Jan Cienski in Warsaw -
The National Bank of Poland slashed rates by an unexpected 50 basis points on October 8, dropping the bank's benchmark rate to a record low 2%, a sign of concern that a less supportive external environment could stifle Poland's recovering economy.
The bank's rate-setting Monetary Policy Council (MPC) had been expected to cut rates, but markets were expecting a more conservative quarter-point reduction. “The 50bp cut, to 2.00%, was larger than we, the financial markets and the consensus had all expected,” wrote William Jackson, emerging markets economist with Capital Economics.
On top of that, the cut may not be the last. In a statement announcing the decision, the MPC said it “does not rule out further adjustment of monetary policy” if future data show inflation remaining below target.
During a news conference, NBP governor Marek Belka made clear that the consensus on the MPC was to concentrate rate cuts timewise, which leaves open the possibility of another interest rate reduction next month. He also noted the rate decision was not unanimous.
“Given the above arguments we expect one more rate cut by 25bps in November,” writes Piotr Kalisz of Citi Research. After that, the economy is expected to pick up steam, and inflation should track slightly higher as well.
Jackson was confused about what kind of signal the bank was trying to send with its cut. “It’s possible that the scale of today’s rate cut means that the NBP is planning to be more aggressive than anticipated. But it’s difficult to square this with the sizeable divisions on the MPC between doves and hawks. Given this, we suspect that a 50bp cut may have been a compromise solution – the hawks may have preferred a larger rate cut on the basis that it’s a one-off to a gradual, but open-ended easing cycle,” he wrote.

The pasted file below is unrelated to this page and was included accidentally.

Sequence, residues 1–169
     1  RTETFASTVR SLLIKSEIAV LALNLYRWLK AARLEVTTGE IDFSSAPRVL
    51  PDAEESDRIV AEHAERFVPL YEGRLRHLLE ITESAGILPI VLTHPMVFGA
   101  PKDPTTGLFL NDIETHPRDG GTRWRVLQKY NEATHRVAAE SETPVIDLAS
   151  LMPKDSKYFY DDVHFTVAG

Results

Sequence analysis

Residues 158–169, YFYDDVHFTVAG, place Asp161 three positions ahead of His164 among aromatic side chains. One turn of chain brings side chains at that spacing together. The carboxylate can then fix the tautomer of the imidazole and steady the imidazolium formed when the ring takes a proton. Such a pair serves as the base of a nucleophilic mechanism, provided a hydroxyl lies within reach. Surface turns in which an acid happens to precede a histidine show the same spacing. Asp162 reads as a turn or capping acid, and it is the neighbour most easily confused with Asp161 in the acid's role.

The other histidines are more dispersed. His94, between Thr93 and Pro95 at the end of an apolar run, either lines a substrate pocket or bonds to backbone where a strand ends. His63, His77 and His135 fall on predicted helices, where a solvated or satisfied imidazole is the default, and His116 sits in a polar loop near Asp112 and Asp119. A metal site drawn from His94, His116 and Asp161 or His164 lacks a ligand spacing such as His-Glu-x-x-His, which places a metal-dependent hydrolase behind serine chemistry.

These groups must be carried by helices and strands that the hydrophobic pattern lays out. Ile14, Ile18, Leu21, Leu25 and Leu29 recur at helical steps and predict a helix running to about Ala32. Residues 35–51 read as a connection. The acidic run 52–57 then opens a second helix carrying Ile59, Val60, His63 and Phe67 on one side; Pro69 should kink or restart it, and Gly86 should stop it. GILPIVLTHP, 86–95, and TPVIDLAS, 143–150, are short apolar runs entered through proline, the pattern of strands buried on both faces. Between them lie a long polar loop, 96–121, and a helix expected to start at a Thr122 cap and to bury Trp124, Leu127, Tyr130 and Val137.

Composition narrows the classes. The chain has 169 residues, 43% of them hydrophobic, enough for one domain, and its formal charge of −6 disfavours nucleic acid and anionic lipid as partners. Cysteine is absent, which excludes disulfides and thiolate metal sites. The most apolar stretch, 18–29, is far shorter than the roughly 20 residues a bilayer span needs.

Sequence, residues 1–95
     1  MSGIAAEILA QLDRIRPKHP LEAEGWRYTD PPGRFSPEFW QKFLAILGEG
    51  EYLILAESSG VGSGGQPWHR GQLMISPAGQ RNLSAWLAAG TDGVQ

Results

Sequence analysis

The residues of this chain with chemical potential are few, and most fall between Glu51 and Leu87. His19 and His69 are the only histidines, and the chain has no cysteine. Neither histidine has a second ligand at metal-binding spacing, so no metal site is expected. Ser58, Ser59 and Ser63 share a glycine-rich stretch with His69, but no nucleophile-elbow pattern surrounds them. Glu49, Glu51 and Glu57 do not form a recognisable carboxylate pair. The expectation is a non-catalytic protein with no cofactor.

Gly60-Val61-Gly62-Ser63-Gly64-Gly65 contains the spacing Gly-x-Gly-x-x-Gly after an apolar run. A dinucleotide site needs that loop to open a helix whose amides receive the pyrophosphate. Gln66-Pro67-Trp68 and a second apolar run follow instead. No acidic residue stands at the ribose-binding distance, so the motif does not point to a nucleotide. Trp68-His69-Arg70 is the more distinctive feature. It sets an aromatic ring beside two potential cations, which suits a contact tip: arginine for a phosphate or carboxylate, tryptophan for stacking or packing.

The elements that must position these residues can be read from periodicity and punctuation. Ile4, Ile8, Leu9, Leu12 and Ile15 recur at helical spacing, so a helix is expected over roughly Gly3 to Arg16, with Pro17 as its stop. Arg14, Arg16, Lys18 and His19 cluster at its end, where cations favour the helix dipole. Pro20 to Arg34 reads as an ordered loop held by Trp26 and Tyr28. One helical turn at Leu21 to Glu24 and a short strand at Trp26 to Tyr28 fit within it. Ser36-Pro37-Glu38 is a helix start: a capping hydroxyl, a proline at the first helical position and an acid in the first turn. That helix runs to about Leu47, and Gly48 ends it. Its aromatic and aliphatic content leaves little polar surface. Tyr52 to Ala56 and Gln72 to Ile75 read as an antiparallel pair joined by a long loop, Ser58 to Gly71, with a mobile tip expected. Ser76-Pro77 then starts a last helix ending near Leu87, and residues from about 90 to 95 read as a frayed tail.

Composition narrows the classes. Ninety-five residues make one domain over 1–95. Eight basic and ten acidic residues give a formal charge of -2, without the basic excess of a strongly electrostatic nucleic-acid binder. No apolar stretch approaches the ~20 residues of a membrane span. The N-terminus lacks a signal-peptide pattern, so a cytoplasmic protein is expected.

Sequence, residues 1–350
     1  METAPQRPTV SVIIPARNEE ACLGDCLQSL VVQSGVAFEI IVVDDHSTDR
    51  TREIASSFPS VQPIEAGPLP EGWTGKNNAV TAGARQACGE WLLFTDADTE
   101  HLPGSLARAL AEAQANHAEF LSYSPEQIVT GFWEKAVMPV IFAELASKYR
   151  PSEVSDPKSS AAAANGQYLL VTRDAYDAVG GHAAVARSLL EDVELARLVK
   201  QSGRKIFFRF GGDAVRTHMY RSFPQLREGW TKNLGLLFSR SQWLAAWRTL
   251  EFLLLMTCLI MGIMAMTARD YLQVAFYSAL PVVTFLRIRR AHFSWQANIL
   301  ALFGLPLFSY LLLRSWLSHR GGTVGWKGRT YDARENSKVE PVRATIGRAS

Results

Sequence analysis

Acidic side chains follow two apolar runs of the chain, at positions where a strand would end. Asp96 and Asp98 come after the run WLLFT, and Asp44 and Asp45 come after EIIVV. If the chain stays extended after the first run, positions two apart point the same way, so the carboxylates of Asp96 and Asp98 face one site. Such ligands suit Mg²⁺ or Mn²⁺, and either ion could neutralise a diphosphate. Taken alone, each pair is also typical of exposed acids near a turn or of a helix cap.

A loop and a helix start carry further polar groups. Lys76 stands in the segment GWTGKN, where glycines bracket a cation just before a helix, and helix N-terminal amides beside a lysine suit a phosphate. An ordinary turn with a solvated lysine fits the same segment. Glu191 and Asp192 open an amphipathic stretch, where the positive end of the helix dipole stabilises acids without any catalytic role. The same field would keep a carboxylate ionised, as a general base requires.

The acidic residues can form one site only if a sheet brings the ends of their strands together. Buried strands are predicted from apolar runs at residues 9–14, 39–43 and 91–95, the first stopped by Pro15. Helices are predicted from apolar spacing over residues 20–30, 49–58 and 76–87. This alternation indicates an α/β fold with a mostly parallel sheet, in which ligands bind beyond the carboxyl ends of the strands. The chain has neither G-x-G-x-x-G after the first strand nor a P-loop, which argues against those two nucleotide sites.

Poland's inflation has plummeted in recent months. After eight months it is coming in at only 0.3% – far below the central bank's target rate of within 1 percentage point of 2.5%. For July and August Poland actually fell into deflation for the first time in decades.
Very low inflation is coupled with signs of slowing growth, with industrial production slowing and analysts recalibrating their estimates for growth for the year. Most estimates now call for an expansion of about 3%.
East and West
Part of the problem is increasing worry due to conditions outside of Poland. To the west, the Eurozone, Poland's largest export market, has seen growth stall and there are worries of a third recession since the onset of the global economic crisis. To the east, Russia has imposed sanctions on some imports, hitting Polish agricultural products. The severe in recession in Ukraine is also harming Polish business.
The cut will likely weaken the zloty, at least in the short term – the Polish currency lost ground against both the dollar and the euro in trading on October 8, falling by about 0.2%. That should help exporters, while business will probably benefit from low interest rates, which could spur investment, says Malgorzata Starczewska-Krzysztoszek, chief economist for Lewiatan, the Polish employers confederation. Easier access to cheap credit could also help boost domestic consumption.
“The key point is that irrespective of whether interest rates are lowered further or not, monetary policy will remain extremely loose in order to support the economy,” says Jackson.
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